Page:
Thus, more than one-fourth of the amino acid positions in globin are invariably nonpolar. These positions may be occupied by any one of several amino acids. It is generally agreed that the invariably nonpolar positions, together with the nonpolar portions of the heme group, play a major role in determining the shape of the globin chain. Internally, the hydrophobic interactions between side chains form the skeletal framework on which the shape is founded.
The substitution through genetic mutation of a single polar amino acid in a position that is invariably nonpolar usually is sufficient to disrupt the normal organization of the polypeptide and render it biologically nonfunctional. Ionic and hydrogen bonds between residues of different chains (hemoglobin) and between residues and the surrounding water and ions (hemoglobin and myoglobin) also contribute to the stability and universal shape of the molecule.
Function and Action of Hemoglobin: Cooperativity in Proteins:
The function of hemoglobin is to reversibly bind molecular oxygen, that is,
The manner in which oxygen is bound by and released from hemoglobin reveals yet another characteristic of protein (especially enzyme) action, namely that of co-operativity. Hemoglobin is contained within the red blood cells (erythrocytes) and is oxygenated as the blood circulates through the capillary networks of the lungs.
On leaving the lungs, virtually every hemoglobin molecule has combined with four molecules of oxygen. In this state, the hemoglobin is said to be 100% saturated. Later, when the blood is circulated to the other body tissues, hemoglobin releases its bound oxygen.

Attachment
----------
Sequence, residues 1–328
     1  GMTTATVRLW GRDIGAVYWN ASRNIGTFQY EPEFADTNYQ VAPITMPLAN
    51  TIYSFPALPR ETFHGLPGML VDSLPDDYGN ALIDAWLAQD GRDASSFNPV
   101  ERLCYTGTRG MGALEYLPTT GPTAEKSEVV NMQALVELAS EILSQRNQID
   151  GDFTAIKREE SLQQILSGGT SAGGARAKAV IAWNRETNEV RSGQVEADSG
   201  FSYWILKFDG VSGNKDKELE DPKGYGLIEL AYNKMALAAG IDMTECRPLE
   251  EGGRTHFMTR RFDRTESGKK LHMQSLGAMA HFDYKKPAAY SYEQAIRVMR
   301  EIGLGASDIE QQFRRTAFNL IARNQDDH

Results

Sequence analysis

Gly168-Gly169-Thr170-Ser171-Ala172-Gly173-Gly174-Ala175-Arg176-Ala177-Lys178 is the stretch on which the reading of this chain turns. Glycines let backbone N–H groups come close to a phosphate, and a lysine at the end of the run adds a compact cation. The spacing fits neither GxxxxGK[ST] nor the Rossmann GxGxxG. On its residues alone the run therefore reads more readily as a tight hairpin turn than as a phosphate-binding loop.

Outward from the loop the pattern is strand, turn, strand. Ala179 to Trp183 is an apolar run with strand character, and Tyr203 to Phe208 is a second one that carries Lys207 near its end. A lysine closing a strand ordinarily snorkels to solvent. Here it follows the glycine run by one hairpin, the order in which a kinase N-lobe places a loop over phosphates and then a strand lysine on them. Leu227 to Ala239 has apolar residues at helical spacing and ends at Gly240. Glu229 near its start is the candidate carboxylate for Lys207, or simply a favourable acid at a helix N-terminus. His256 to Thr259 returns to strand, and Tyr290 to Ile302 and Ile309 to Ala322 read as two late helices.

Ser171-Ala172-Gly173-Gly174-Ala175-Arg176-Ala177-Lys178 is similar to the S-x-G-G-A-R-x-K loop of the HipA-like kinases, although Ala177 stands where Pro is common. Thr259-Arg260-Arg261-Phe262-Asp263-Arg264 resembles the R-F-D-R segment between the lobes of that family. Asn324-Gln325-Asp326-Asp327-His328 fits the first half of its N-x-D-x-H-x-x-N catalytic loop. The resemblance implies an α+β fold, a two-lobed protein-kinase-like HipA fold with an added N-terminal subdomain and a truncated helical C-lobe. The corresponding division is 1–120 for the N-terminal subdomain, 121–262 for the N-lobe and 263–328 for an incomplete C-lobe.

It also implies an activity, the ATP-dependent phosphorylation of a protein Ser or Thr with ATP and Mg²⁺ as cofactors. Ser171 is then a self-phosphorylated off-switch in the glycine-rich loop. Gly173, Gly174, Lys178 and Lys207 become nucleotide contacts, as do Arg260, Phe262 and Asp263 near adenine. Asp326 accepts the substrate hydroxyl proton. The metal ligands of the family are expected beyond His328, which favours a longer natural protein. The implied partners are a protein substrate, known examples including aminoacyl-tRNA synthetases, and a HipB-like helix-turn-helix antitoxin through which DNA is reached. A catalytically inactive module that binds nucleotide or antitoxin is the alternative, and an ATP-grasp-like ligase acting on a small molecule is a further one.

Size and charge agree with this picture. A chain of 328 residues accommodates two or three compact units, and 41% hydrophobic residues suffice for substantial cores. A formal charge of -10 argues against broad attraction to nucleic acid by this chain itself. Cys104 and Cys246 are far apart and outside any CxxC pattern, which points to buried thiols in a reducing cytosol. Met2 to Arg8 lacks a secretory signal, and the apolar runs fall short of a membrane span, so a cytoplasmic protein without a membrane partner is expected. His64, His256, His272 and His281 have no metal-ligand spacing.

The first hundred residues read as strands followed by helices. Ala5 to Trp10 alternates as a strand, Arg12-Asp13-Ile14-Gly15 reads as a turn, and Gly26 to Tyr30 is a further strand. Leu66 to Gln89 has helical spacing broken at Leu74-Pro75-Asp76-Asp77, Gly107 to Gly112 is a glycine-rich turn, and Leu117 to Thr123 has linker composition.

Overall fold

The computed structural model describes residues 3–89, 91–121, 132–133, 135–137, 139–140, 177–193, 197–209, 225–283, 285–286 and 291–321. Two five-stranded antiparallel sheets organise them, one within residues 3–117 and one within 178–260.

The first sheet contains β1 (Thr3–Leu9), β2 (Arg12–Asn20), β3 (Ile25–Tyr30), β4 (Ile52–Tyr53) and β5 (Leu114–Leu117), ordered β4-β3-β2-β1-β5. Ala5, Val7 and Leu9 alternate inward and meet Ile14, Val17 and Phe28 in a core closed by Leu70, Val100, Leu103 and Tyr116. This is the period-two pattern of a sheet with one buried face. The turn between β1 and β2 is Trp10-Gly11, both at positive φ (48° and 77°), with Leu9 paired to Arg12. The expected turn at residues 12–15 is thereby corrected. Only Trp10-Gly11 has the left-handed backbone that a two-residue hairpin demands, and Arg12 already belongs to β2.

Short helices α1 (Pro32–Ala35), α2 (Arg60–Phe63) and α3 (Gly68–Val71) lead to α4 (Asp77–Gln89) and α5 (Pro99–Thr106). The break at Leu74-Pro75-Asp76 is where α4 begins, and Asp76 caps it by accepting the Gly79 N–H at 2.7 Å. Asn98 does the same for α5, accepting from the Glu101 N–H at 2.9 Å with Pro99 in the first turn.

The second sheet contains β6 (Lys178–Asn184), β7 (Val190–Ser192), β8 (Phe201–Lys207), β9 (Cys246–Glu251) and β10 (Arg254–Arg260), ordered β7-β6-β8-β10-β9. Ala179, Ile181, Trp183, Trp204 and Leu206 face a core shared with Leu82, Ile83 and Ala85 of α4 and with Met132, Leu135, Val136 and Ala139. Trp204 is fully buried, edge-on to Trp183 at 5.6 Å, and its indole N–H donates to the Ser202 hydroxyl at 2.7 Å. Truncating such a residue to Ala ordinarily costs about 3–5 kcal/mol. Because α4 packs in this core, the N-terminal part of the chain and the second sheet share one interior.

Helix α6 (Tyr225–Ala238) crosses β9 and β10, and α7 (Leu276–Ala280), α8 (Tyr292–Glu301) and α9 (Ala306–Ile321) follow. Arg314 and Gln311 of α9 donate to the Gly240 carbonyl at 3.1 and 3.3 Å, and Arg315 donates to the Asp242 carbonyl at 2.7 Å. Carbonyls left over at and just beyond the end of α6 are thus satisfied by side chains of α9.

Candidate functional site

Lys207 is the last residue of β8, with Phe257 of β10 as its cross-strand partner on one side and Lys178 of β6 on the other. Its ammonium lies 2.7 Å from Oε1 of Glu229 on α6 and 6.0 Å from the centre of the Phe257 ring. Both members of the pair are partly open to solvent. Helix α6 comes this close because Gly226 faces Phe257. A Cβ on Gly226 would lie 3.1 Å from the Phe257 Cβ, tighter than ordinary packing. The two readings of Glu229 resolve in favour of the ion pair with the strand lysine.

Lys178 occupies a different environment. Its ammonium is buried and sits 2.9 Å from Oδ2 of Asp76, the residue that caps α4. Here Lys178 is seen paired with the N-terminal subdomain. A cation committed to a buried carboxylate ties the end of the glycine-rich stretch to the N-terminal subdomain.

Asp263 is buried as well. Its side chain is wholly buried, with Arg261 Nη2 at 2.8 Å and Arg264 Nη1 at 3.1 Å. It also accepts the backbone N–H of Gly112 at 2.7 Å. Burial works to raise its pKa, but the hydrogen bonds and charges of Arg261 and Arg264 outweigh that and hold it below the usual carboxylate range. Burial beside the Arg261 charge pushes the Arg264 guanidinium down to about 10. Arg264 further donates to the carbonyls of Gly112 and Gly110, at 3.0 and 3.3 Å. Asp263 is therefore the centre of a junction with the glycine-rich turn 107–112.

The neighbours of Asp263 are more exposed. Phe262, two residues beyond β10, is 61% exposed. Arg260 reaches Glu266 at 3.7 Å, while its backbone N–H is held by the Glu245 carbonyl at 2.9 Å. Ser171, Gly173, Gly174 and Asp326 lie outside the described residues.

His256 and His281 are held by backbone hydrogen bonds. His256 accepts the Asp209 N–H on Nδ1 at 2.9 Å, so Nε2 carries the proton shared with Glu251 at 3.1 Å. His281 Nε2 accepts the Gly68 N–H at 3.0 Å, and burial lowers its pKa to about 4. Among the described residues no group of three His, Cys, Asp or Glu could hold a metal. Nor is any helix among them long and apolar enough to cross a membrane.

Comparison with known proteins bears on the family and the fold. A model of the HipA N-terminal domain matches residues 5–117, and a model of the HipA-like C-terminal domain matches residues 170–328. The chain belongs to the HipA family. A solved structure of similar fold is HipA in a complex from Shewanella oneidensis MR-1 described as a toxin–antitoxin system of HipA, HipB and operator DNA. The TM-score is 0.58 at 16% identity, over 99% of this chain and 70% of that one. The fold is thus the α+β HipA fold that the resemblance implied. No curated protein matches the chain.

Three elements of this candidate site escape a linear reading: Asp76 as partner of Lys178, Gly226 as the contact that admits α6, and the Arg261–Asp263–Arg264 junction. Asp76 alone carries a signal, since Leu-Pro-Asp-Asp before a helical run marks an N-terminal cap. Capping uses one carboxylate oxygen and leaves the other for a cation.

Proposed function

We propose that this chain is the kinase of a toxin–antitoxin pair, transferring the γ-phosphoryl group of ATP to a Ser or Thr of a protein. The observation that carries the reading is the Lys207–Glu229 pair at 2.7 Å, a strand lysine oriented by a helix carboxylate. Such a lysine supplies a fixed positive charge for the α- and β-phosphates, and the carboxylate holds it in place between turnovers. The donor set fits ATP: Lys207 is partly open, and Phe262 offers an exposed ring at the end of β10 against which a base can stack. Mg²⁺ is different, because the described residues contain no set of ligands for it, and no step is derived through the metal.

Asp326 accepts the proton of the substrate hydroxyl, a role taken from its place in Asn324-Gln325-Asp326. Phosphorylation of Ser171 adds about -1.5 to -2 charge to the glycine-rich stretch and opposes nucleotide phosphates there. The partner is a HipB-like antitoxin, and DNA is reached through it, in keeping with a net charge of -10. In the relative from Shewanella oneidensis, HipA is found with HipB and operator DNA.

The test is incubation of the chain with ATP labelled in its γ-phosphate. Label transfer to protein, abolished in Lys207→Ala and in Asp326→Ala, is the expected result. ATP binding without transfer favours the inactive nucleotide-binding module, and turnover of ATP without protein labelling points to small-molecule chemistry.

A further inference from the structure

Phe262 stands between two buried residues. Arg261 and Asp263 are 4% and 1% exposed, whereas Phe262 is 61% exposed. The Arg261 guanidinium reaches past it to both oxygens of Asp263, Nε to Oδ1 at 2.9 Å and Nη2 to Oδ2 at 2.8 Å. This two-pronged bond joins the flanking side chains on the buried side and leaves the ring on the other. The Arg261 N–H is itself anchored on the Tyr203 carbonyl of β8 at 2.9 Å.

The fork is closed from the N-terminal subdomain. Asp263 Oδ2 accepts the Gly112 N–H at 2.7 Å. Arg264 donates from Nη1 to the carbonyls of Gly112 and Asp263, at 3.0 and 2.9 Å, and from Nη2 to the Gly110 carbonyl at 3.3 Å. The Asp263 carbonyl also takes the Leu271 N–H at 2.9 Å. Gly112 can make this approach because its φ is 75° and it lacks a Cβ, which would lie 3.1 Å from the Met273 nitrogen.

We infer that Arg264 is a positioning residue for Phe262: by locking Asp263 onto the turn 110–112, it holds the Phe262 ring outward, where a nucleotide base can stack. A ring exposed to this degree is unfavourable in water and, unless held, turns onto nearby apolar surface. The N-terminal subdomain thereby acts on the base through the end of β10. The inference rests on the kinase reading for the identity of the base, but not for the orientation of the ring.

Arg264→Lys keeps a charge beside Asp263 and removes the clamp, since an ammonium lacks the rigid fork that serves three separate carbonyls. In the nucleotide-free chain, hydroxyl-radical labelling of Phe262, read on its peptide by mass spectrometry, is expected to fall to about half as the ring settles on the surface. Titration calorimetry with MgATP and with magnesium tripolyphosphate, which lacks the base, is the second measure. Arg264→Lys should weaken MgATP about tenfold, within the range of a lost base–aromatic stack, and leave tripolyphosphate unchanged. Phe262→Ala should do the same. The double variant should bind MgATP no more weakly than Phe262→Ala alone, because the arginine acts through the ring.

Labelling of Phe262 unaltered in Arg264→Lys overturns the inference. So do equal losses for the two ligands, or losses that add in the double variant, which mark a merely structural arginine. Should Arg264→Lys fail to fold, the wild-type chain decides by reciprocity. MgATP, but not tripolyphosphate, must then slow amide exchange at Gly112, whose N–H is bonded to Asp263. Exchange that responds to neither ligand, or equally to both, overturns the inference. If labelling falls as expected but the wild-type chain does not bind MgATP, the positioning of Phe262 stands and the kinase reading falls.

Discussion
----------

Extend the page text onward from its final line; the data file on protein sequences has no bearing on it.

The amount of oxygen that is released is determined in part by the concentration of dissolved oxygen gas (i.e., the partial pressure) in the surrounding plasma and body fluid. In muscle, for example, it would not be unusual for the percentage saturation of hemoglobin to fall to 40% or lower as the released oxygen diffuses from the erythrocytes into the plasma and then into the muscle tissue.
The closely related and structurally similar oxygen- binding protein myoglobin, which acts to temporarily store oxygen in certain muscle tissues, consists of a single polypeptide chain and one heme group. Consequently, myoglobin can reversibly bind only one molecule of oxygen. Figure 4-32 compares the oxygen association/dissociation curves of hemoglobin and myoglobin.
Referring to Figure 4-32, as the oxygen partial pressure rises between 0 and 20 mm Hg, myoglobin rapidly combines with oxygen and quickly approaches complete saturation. The association/dissociation curve takes the form of a rectangular hyperbola. The behavior of hemoglobin is considerably different and much more complex.
At low oxygen partial pressure, the affinity of hemoglobin for oxygen is considerably less than that of myoglobin. For example, at 20 mm Hg partial pressure, hemoglobin is only about 21% saturated. However, between 20 and 60 mm Hg oxygen partial pressure, the affinity of hemoglobin for oxygen is greatly increased and the hemoglobin approaches saturation.
Above 60 mm Hg, hemoglobin binds only small quantities of additional oxygen. Unlike the myoglobin curve, the oxygen association/ dissociation curve of hemoglobin is sigmoid. From a physiological standpoint, the unique oxygen-binding characteristics of hemoglobin are crucial. The partial pressure of oxygen in the blood leaving the lung capillaries is generally in excess of 100 mm Hg, but by the time the blood reaches the capillaries of the various body tissues, the partial pressure has fallen to 80 mm Hg. An examination of Figure 4-32 shows that in this interval hemoglobin will have released only a small percentage of its oxygen.